Meteor showers are coming this month and into August


Eta Aquarid Meteor Shower | COURTESY: EarthSky

(WOWK/NASA) – We’re checking in on the celestial events happening for the rest of July, those are well below in this article. But the meteor showers will be cranking up here in the next few weeks and it’s our favorite time of the year!

Two meteor showers coming

Two major meteor showers are expected to peak during this lunar cycle, but only one will have good visibility from our northern mid-latitudes (weather permitting). The Southern Delta-Aquariids have been active from around July 12 all the way up to Aug. 23, peaking on July 30. This will not be a good year for viewing these meteors for two reasons. They are best seen from the Southern Hemisphere and this year moonlight from the waning half Moon will interfere with the few meteors that may appear over our more northern location.

More promising is the Perseid meteor shower. This meteor shower is expected to be active from July 17 to Aug. 24, 2021, with a broad peak centered on the afternoon of Aug. 12 between 3 p.m. and 6 p.m. EDT (when we can’t see them). These meteors appear to radiate out in all directions from the constellation Perseus (hence their name). This radiant is far enough north to be relatively high in the northeast after 10 or 11 p.m. Since this shower tends to have a broad peak you may be able to see meteors either the early morning of Aug. 12 or the early morning of Aug. 13. The International Meteor Organization’s 2021 Meteor Shower Calendar indicates that past variations in the actual peak have tended to come after the predicted maximum. If this holds true this year, the best time to look from the East Coast may be from after moonset on Aug. 12 (at 10:40 p.m. for the West Virginia area) into the early morning of Aug. 13, ending when the first signs of dawn begin at about 4:40 a.m.

Real Time Perseid from September 8, 2018. Bright meteors and dark night skies made this year’s Perseid meteor shower a great time for a weekend campout. And while packing away their equipment, skygazers at a campsite in the mountains of southern Germany found at least one more reason to linger under the stars, witnessing this brief but colorful flash with their own eyes. Presented as a 50 frame gif, the two second long video was captured during the morning twilight of August 12. In real time it shows the development of the typical green train of a bright Perseid meteor. A much fainter Perseid is just visible farther to the right. Plowing through Earth’s atmosphere at 60 kilometers per second, Perseids are fast enough to excite the characteristic green emission of atomic oxygen at altitudes of 100 kilometers or so. Credit: Till Credner,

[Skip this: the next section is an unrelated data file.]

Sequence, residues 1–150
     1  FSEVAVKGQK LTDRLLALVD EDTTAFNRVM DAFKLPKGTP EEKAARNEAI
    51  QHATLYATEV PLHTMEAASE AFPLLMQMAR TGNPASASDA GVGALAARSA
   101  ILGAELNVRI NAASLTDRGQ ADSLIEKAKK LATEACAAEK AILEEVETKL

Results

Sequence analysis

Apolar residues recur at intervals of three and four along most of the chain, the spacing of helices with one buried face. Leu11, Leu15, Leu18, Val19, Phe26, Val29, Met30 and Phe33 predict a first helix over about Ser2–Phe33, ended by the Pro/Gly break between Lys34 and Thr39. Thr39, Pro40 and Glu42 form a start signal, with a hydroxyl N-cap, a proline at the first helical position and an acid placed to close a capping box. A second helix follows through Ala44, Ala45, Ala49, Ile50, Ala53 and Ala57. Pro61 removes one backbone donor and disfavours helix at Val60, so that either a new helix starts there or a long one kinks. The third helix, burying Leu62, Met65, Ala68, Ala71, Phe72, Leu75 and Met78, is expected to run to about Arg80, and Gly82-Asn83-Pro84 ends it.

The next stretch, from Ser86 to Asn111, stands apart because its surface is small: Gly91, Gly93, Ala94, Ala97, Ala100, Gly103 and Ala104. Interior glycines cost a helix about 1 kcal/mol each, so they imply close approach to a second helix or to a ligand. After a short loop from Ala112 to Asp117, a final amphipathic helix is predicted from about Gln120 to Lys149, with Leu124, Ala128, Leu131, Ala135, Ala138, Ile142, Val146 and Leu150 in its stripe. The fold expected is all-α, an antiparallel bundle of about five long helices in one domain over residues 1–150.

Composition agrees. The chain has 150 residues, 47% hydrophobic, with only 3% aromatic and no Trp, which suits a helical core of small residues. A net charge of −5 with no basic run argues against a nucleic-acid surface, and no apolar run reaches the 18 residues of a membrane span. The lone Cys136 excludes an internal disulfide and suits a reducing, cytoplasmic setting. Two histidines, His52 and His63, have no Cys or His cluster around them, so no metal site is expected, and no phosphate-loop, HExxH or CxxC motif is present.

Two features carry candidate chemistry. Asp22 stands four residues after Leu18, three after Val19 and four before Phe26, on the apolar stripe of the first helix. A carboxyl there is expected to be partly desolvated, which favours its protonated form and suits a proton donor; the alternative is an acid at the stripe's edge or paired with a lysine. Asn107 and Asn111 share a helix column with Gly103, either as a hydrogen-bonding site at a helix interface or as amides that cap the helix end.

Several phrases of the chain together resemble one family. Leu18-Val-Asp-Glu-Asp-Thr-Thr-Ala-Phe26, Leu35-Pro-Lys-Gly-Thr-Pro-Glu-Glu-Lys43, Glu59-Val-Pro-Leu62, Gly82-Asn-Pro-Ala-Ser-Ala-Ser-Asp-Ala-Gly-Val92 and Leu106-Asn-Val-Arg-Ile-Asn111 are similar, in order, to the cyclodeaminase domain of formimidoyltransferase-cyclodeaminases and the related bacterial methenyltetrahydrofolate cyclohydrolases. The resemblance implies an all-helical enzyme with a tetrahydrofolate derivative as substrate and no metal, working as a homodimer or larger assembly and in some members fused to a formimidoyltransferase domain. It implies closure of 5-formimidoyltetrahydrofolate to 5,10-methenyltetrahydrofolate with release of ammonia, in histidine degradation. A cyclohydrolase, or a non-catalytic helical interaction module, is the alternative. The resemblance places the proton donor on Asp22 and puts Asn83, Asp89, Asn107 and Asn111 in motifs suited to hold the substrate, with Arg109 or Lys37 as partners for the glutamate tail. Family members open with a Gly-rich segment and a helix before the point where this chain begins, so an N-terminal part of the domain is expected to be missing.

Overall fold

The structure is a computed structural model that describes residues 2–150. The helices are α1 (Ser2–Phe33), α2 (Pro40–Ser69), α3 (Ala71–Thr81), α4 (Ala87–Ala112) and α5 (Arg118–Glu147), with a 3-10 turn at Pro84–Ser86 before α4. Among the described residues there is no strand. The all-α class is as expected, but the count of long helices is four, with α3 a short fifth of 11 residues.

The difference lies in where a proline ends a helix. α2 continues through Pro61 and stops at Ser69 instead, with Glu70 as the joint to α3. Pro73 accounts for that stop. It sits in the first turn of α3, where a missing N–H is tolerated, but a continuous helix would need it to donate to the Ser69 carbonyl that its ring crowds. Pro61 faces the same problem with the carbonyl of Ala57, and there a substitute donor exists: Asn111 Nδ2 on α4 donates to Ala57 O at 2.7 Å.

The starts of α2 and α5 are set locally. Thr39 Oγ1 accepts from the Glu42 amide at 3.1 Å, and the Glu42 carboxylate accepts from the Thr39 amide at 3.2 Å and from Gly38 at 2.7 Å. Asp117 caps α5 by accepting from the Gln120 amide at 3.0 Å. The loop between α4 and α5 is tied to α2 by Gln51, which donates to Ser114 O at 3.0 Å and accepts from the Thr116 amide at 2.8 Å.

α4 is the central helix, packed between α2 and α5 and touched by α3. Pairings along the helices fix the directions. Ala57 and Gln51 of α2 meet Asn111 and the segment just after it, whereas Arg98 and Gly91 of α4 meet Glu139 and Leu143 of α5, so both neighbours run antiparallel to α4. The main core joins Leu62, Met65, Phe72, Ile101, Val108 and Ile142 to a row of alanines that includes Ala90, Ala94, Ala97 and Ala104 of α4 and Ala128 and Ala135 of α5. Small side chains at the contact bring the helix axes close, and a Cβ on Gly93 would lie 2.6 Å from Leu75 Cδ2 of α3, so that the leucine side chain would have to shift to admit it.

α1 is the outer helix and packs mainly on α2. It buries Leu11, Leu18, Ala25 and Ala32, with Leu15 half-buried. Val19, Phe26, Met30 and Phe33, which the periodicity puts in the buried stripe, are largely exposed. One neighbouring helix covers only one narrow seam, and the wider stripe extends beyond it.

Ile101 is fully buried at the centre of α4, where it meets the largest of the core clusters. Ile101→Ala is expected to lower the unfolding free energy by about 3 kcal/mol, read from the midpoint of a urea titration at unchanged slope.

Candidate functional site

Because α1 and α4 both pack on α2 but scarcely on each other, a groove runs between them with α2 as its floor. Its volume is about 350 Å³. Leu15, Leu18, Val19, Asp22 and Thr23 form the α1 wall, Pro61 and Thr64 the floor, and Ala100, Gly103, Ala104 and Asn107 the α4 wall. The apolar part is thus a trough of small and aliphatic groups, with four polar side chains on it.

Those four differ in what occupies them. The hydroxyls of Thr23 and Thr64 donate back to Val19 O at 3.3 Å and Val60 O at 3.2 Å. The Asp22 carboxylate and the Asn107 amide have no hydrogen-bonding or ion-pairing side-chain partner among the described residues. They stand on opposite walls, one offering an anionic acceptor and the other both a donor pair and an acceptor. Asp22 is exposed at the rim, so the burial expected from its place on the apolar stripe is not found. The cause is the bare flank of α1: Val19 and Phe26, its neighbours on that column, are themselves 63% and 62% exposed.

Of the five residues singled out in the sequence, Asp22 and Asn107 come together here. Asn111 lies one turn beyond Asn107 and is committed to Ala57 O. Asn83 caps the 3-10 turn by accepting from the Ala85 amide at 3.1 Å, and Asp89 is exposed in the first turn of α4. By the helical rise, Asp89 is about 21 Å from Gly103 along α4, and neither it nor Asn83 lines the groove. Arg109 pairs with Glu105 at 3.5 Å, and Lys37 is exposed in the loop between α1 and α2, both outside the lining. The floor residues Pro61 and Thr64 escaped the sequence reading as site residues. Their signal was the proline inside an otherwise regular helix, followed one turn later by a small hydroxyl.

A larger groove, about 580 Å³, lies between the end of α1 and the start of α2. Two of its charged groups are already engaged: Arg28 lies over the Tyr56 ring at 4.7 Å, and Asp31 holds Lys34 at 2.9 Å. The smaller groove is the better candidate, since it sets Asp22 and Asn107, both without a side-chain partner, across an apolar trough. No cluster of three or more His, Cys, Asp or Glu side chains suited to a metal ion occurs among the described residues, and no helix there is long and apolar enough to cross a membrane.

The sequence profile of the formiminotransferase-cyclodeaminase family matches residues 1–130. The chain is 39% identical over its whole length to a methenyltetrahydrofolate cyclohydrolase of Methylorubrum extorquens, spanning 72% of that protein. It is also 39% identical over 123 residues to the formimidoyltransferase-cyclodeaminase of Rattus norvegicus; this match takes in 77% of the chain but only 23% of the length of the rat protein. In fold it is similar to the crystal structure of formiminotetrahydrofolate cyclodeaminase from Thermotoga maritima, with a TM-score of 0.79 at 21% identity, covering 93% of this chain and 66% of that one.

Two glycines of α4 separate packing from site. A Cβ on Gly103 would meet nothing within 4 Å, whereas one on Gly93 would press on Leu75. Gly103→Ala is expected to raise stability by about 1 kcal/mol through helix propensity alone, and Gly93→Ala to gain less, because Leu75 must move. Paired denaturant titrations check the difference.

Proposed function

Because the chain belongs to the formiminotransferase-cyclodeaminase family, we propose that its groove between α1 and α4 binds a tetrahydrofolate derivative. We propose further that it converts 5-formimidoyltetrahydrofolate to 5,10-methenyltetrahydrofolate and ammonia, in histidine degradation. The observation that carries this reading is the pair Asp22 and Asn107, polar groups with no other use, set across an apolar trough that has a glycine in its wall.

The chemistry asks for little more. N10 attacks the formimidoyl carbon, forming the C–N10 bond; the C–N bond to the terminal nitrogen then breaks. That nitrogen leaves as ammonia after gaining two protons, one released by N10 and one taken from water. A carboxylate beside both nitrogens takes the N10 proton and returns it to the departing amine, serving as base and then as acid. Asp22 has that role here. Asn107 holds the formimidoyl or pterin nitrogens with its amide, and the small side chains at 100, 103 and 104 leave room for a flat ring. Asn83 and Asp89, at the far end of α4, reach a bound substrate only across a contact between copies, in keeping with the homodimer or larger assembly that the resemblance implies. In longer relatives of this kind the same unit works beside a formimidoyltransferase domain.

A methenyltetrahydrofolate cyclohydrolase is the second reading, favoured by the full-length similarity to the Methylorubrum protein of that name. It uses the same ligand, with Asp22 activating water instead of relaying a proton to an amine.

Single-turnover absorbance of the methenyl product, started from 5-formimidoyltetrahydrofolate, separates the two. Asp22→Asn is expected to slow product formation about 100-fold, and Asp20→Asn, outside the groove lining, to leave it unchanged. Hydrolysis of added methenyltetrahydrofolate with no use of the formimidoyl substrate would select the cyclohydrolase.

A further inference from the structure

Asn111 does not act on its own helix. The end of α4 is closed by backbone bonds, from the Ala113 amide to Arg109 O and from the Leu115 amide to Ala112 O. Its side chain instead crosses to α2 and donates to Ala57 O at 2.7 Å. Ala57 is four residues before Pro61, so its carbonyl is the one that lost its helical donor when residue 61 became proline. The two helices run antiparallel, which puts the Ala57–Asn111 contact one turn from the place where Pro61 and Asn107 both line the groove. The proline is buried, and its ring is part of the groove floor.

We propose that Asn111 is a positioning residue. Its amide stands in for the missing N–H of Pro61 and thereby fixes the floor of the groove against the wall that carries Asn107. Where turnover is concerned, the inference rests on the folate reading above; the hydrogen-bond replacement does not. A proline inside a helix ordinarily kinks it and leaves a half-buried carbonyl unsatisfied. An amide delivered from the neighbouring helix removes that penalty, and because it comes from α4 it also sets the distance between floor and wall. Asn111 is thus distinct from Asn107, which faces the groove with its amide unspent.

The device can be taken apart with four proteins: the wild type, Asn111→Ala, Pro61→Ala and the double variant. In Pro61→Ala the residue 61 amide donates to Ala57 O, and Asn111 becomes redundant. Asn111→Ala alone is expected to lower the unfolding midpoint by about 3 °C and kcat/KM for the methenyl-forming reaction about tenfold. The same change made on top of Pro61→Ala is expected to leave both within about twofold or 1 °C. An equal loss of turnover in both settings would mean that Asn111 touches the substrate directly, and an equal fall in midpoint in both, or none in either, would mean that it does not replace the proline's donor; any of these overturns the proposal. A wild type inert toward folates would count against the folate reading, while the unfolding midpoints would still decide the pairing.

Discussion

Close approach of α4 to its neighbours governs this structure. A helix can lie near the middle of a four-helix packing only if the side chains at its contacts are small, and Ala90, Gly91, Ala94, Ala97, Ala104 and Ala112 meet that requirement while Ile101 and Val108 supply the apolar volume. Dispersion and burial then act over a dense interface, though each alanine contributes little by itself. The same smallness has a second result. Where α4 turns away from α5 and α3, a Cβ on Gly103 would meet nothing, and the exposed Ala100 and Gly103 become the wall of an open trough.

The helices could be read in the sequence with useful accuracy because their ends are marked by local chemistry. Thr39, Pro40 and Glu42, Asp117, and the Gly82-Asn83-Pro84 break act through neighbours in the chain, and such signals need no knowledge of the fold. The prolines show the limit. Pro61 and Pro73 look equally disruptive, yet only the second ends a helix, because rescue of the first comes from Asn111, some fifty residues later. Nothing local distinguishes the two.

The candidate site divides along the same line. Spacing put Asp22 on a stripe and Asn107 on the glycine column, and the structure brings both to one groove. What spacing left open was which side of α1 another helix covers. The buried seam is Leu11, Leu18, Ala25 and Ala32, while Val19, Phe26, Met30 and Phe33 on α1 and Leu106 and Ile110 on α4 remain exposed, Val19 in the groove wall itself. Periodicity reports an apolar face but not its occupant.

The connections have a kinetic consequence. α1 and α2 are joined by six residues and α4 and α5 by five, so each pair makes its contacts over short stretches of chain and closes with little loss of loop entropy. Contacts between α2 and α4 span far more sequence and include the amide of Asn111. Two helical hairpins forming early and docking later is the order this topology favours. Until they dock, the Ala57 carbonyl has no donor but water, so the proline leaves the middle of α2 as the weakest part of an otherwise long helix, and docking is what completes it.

Under ideal conditions at its peak, the Perseids can produce about 100 visible meteors per hour, making it potentially one of the three best meteor showers of the year (the others being the Quadrantids in early January and the Geminids in mid-December). The Perseid meteor shower is caused by dust from the comet 109P/Swift-Tuttle entering our atmosphere at 132,000 miles per hour (59 kilometers per second), so fast that air cannot move out of the way fast enough, and gets compressed and heated until it glows white-hot.

The best conditions for viewing these meteors would be if the weather is clear with no clouds or high hazes, you go to a place far from any light sources or urban light pollution, and you have a clear view of a wide expanse of the sky. Be sure to give your eyes plenty of time to adapt to the dark. The rod cells in your eyes are more sensitive to low light levels but play little role in color vision. Your color-sensing cone cells are concentrated near the center of your view with more of the rod cells on the edge of your view. Since some meteors are faint, you will tend to see more meteors from the “corner of your eye” (which is why you need a view of a large part of the sky). Your color vision (cone cells) will adapt to darkness in about 10 minutes, but your more sensitive night vision will continue to improve for an hour or more (with most of the improvement in the first 35 to 45 minutes). The more sensitive your eyes are, the more chance you have of seeing meteors. Even a short exposure to light (from passing car headlights, etc.) will start the adaptation over again – so no turning on a light or your cell phone to check what time it is.

Lyrid Meteor Shower – Night astrophotography skies with light trails from streaking meteors in April. (File/Getty)

July 25-26

Sunday night into Monday morning, July 25 to 26, 2021, the waning gibbous Moon will appear to pass below the bright planet Jupiter. The Moon will rise before midnight at 10 p.m. EDT, with Jupiter appearing about 4 degrees to the upper left of the Moon. By the time twilight begins Monday morning at 4:57 a.m., the Moon will have shifted such that Jupiter will appear about 6 degrees to the upper right of the Moon.

July 28

Wednesday evening, July 28, 2021, will be the first evening the bright planet Jupiter will appear above the horizon in the east-southeast and the last evening the bright star Regulus will appear above the horizon in the west-northwest as evening twilight ends at 7:30 p.m. EDT.

July 29

Thursday, July 29, 2021, will be the evening when the planet Mars and the bright star Regulus will appear nearest each other low on the west-northwestern horizon. Regulus will set shortly before evening twilight ends and Mars will set shortly after evening twilight ends (at least for Washington, and similar latitudes).

July 30

Friday evening, July 30, 2021, will be the last evening the planet Mars will be above the horizon in the west-northwest as evening twilight ends.

July 31

Saturday morning, July 31, 2021, the waning Moon will appear half-full as it reaches its last quarter at 9:16 a.m. EDT.

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